I agree with @@qwazse that there are other ways to learn skills.  I think the Research, Understand,  Memorize and Practice (the "RUMP" method) works well when you don't have a teacher available.

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We spend a lot of time teaching our boys how to use the EDGE method.  Ever since I started working with youth, either in the BSA or other community and religious contexts, I didn't teach them the EDGE method, I teach them how to teach.  There is a difference. 

 

While it might be going a bit above and beyond the accepted practice of doing the requirements, I don't teach the boys to tie knots the first time around, I teach them how to teach the knots.  That has crept into the requirements just a wee bit. 

 

Here's the routine:

 

1) Stand up, greet the students, and introduce yourself with your full name. (Rather ridiculous at first, but it does help settle the nerves and focus on the lesson.)

2) Tell the person you are teaching what it is you're going to teach.

3) Then tell and show them about the knot you're going to teach, including the actual knot tying, its uses and maybe a bit of it's history or something else that might help them remember better.  Maybe a little story about how you learned the knot, to help them remember and make connection to the actual knot.

4) Then tell and demonstrate to them once more.

5) Then have the student demonstrate tying the knot to the teacher, while the teacher watches and once they mastered it, HAVE THE STUDENT TEACH THE TEACHER what he has just learned.  If the group is large, they may wish to teach a parent or an older scout if time is an issue.  The teacher watches over the boys to offer suggestion or assist them in the teaching.

6) At this point, the student has a pretty good idea of what was taught.

7) Thanks for their respectful attention to the lesson.

 

Along with this, there's a number of other factors the teacher must be aware of.  If they face the student while teaching the knots, the students see everything BACKWARDS.  So all the boys are instructed to turn around, hold the rope above their head so the students can see what's going from the correct perspective and they will understand relationally better what is going on in the lesson.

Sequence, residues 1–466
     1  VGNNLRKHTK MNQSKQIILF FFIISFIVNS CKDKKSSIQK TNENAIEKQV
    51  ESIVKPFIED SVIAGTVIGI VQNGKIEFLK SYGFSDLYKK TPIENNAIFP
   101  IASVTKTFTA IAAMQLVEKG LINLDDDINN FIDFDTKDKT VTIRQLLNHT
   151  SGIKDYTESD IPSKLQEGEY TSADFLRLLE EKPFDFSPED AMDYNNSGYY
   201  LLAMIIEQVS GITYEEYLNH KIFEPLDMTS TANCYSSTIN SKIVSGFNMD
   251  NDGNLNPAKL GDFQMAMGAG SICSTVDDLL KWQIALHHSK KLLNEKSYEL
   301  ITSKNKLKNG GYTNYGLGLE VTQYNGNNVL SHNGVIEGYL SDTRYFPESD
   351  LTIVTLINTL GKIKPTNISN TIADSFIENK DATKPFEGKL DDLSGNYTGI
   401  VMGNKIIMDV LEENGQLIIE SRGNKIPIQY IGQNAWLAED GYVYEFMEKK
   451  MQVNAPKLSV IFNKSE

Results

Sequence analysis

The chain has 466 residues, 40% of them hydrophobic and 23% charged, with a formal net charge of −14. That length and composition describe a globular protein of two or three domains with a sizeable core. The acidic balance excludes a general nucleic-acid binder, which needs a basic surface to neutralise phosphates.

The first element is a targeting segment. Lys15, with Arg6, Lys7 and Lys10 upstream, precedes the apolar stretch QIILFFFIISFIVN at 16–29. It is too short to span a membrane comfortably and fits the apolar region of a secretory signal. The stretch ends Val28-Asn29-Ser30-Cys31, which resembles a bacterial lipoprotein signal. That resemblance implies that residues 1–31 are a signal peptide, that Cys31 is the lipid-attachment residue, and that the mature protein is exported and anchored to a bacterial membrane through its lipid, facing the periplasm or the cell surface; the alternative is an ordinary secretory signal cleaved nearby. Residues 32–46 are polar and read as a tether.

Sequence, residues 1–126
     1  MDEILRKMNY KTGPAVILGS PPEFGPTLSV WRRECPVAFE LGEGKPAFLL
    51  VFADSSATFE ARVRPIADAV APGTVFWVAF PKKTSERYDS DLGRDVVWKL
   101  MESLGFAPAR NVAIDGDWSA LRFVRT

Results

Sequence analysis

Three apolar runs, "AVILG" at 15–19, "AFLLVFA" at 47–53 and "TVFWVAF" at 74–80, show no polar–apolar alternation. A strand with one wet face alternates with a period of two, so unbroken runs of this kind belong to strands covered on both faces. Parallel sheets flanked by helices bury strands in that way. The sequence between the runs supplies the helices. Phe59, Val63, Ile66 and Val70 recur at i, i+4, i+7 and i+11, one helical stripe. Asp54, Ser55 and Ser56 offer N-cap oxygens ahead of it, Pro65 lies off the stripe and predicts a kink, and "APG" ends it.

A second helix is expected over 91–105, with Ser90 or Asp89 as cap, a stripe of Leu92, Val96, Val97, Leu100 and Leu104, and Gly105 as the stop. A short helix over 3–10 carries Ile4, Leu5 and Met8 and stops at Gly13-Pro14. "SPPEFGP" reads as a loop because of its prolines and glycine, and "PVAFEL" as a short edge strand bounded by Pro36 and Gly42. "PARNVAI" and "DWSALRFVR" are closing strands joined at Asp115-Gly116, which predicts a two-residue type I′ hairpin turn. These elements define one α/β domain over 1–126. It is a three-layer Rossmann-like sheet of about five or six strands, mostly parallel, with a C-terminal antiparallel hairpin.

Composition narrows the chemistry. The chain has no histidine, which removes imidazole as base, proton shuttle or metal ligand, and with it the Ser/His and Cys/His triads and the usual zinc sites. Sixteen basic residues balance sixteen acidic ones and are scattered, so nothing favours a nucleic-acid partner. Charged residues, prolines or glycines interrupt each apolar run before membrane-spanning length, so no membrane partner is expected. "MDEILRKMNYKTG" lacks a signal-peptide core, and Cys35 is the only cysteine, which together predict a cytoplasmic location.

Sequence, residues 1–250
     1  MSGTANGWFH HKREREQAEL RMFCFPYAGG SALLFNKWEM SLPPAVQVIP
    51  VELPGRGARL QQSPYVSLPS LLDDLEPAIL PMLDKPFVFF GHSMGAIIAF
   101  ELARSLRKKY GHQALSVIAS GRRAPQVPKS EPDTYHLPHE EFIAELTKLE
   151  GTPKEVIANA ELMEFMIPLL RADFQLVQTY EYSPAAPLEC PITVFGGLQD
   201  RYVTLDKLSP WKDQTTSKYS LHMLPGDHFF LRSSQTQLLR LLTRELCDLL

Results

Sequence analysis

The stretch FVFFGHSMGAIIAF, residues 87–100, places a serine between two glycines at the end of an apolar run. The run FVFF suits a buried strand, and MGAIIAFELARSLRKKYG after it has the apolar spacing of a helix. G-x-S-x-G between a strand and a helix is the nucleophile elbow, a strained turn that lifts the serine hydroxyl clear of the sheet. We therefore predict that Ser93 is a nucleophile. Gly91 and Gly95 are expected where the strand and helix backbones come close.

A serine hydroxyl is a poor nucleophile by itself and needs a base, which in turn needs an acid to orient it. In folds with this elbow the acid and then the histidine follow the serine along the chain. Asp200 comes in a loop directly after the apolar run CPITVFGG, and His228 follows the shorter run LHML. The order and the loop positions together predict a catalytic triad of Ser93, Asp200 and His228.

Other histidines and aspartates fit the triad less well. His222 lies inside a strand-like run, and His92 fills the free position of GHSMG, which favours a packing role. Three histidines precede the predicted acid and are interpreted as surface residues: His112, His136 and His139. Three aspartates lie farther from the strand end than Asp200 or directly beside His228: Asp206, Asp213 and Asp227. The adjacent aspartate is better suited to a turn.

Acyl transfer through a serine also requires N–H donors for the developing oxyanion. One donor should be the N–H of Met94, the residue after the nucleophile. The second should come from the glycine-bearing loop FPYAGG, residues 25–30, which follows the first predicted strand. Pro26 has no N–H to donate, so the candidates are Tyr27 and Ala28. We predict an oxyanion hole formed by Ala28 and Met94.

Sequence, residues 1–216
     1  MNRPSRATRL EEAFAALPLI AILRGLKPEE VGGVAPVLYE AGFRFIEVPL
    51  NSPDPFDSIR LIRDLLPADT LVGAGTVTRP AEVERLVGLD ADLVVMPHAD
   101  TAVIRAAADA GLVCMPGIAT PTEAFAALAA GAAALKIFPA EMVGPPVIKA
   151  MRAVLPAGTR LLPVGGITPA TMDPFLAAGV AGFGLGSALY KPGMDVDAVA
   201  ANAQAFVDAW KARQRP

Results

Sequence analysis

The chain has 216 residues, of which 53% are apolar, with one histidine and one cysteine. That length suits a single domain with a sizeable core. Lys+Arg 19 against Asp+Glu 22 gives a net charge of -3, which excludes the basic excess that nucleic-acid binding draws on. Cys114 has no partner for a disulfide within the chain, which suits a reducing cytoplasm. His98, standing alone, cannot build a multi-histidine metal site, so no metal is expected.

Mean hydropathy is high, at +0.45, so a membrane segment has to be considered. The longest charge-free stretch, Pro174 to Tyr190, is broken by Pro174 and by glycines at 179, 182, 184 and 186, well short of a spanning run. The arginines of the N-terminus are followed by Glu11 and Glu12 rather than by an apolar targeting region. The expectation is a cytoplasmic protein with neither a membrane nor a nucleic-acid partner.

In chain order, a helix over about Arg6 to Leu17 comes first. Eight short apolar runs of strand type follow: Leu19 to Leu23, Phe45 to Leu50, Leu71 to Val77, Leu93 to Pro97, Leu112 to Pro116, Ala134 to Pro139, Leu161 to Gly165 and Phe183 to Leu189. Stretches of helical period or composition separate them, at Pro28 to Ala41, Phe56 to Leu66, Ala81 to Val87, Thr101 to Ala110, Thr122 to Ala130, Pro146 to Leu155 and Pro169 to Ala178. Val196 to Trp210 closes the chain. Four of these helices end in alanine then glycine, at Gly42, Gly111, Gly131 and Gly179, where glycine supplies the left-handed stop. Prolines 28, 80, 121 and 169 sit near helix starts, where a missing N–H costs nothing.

Edge is a management technique that teaches the students.  But there are other means of helping the student master the process of teaching anything and puts the students better in a format of being prepared to carry on the instruction to others.  Did they learn to tie knots, or did they learn the skill of knot tying so they could help others.  The teacher is not just responsible for going through the lesson, but also do whatever it takes to help the student learn.  My parents pretty much know the knots as well as their boys.  :)

Edited by Stosh

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My argument has always been that EDGE reduces the process of instruction too far. Stosh's 7 points are excellent, but they, too, miss the referencing step. It could even be a step #8 in his paradigm: show where in a book or article your students can look up the material. Although, I would prefer it be towards #1 or #2 and involve actually having a student read the source material out loud.

 

I'm not wasting this thread re-explaining why I think your teaching is incomplete if you haven't offered at least one good source that a student could call upon in your absence. I'm just reporting my observations. Obviously I have biases. Thus, in this case I'm quick to highlight the negatives, and cynical about any perceived positives.

 

The one positive I could think of was our previous SM, who avoided public speaking until he had to give a minute at a court of honor, really became much more comfortable teaching the boys once he learned to remember those four steps -- plus my admonition to have some literature (even if it was the warning label on the box) for them to read.